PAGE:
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marthawells

Martha Wells

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marthawells

Information is Your Friend

Scott Lynch is being wise about the process of becoming a professional writer here: Being good can be a shortcut. There is no shortcut to being good.

Most of the publication-hungry folks I've ever met have struck me as honest, receptive, and realistic, but there’s always a tiny minority I can spot by the nature of the questions they ask and the statements they fixate on. They’re not interested in hearing about hard work, study, or self-improvement. Their eyes glaze over when I talk about concepts like effort or practice. They want nothing to do with developing actual skills, and in a few cases they don't even want a damn thing to do with me or my work. They just want me to tell them how to duck under that imaginary velvet rope.

There are a lot of bits I want to quote but I'm going to stop with just one more:

Look, read this next bit very carefully: Famous useless idiots get book contracts all the time. Let us assume that we are not famous useless idiots, you and I. Therefore their situation is not germane to ours. Terrible, terrible writers also get book contracts all the time; this is because there’s no accounting for taste and because there is no accounting for taste and because, if you dig, there is no fucking accounting for taste. I can’t teach you how to get hit by a meteorite; I can only tell you about the "actively try to not be a terrible writer" approach, because it's how me and most of my peers end up on the shelf at Barnes & Noble. This situation, which is my situation and, not to put too fine a point on it, YOUR situation if you’re unpublished and want to kill that 'un-,' is defined by the following equation:

Hard work + self-awareness + perseverance = MAYBE

What he said. And you can also look at Jim Hines' First Novel Survey, which collected data about how writers sold their first novel, how long it took them, and dealt with myths about the process.

And I wanted to add this:

One of the things I liked about the DFW Writers Conference I went to in May was how many of the attendees already seemed to get these points. The goal of the conference for most people is to sign up for pitch sessions with the attending agents or consultations with the editors there. But while all this is going on, the pro writers, agents, and editors are teaching classes and giving seminars, and there are opportunities to ask questions and get information on not only the craft of writing (one of the classes I taught was Dialogue Basics, the other was worldbuilding) but also the publishing process and how the industry works.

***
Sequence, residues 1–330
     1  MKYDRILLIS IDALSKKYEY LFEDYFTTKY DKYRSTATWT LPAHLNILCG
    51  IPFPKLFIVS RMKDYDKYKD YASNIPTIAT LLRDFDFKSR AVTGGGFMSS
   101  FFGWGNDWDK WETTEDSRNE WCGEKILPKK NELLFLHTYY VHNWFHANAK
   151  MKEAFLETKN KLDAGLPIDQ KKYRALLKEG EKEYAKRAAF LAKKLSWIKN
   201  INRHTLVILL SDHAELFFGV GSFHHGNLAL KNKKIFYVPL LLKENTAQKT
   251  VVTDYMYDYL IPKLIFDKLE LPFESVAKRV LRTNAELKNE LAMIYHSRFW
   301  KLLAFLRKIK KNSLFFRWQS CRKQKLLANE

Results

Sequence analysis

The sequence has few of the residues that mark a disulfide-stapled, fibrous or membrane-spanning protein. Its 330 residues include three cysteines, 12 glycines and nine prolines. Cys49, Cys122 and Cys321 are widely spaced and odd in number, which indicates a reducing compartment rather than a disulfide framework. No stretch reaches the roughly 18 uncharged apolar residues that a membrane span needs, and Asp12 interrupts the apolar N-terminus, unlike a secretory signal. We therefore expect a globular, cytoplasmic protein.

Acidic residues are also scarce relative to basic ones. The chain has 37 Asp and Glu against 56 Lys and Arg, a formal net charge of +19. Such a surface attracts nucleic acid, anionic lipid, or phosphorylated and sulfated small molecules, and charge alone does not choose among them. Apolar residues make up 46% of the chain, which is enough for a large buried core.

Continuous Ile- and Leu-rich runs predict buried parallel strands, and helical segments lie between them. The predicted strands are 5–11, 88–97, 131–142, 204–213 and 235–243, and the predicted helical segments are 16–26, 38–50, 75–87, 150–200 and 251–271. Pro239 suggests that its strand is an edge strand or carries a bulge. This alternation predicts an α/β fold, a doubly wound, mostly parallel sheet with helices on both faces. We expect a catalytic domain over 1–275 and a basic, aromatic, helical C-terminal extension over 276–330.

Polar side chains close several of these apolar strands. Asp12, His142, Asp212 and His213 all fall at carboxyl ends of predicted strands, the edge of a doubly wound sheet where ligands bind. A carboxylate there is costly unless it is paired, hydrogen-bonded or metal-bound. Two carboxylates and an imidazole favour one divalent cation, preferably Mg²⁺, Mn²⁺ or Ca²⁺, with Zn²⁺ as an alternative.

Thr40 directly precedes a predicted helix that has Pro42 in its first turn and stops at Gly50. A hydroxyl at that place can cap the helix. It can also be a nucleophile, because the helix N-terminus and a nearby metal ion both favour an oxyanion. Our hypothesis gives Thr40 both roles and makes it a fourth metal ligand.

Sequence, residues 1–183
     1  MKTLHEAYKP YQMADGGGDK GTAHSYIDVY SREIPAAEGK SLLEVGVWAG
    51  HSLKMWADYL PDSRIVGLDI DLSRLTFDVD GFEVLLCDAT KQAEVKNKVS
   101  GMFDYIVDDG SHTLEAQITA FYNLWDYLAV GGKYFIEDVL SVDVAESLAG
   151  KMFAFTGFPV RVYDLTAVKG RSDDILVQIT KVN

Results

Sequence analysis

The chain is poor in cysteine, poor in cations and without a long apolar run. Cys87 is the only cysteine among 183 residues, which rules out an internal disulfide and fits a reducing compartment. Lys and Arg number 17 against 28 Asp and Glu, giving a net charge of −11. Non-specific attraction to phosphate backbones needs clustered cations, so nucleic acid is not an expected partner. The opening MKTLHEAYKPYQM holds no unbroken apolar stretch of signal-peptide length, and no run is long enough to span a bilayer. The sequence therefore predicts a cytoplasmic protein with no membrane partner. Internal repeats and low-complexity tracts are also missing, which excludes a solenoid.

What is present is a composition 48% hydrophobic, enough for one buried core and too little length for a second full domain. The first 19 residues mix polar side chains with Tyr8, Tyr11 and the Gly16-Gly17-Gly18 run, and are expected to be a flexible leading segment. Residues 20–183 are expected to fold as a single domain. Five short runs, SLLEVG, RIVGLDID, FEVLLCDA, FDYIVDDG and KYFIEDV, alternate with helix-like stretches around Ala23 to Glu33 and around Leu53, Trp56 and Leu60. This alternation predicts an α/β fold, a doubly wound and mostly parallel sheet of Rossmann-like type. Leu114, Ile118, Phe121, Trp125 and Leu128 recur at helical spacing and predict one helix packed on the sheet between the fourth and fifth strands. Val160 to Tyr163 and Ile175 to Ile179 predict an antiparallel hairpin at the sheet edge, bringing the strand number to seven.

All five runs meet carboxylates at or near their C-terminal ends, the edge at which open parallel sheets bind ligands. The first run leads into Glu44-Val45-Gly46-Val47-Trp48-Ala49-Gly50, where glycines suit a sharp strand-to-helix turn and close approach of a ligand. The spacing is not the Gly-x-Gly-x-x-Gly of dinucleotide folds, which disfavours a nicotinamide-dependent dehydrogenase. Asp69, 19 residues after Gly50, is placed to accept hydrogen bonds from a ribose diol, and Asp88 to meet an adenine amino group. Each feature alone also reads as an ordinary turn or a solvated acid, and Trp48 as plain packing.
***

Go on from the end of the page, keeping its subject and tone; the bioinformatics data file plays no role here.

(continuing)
Once you put in the ten years give or take of hard work to develop your writing skills, knowing how the industry works is kind of important. Scott touches on this in his post, but if you knew someone who said they wanted to be a doctor, but they didn't know they had to go to medical school first, that would be weird, right? Or if they knew being a doctor involved curing people, but they didn't know what the process was for doing that? Or if they rented an office and got a stethoscope and a lab coat, and thought that was all they needed? That wouldn't be rational. Especially as all the information about the process for becoming a doctor is readily available online. It's kind of like that for publishing.

If you want to be a pro writer, knowing as much as you can about publishing is important. Really important. And it's more important now to stay up to date, since the publishing industry is going through so many fast changes. And in a lot of ways, I think it's even more vital for people who are committed to self-publishing. If you're self-publishing, there's no agent to explain contracts or tell you what a distributor is and how distribution works (yeah, it's important to know that), no editor or editor's assistant to answer questions or explain what things mean, and to tell you what you need to do and what you don't. You're on your own, and there's a whole cottage industry out there who make a lot of money off people who want to self-publish, by selling them things they don't actually need and telling them stuff that isn't true.

If you want to sell your writing, you have to approach it like a job, because it is a job. You have to work on refining your craft and your abilities in the way that works best for you. You have to research how the industry works and what to expect. You have to stay up to date on that information. You should behave like a professional, whether you're selling work to publishers or self-publishing.

(Seriously, if you save your professional behavior for your day job, and behave like a giant entitled badly-raised baby in the writing world, it doesn't say good things about your commitment to your career. Would you want to work with someone at a day job who was a giant entitled badly-raised baby? No, people who work in publishing don't want to do that either.)

(I think about this when I watch Top Chef or Project Runway, and see people who are clearly making life a miserable hell for the other contestants and the production staff and treating the clients like dirt and skirting as close to the edge of cheating as they can without getting caught, and then somehow think this won't effect the way future employers perceive them.)

Anyway, information is your friend. I have a list of links on my web site Publishing Information for Beginning Writers which I hope is a good starting point.

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I may just have to bookmark Lynch's post (in fact, I did).

Loving all the information, and your Publishing Information has been especially helpful in that regard. :)

Oh cool, I'm glad it's helpful!

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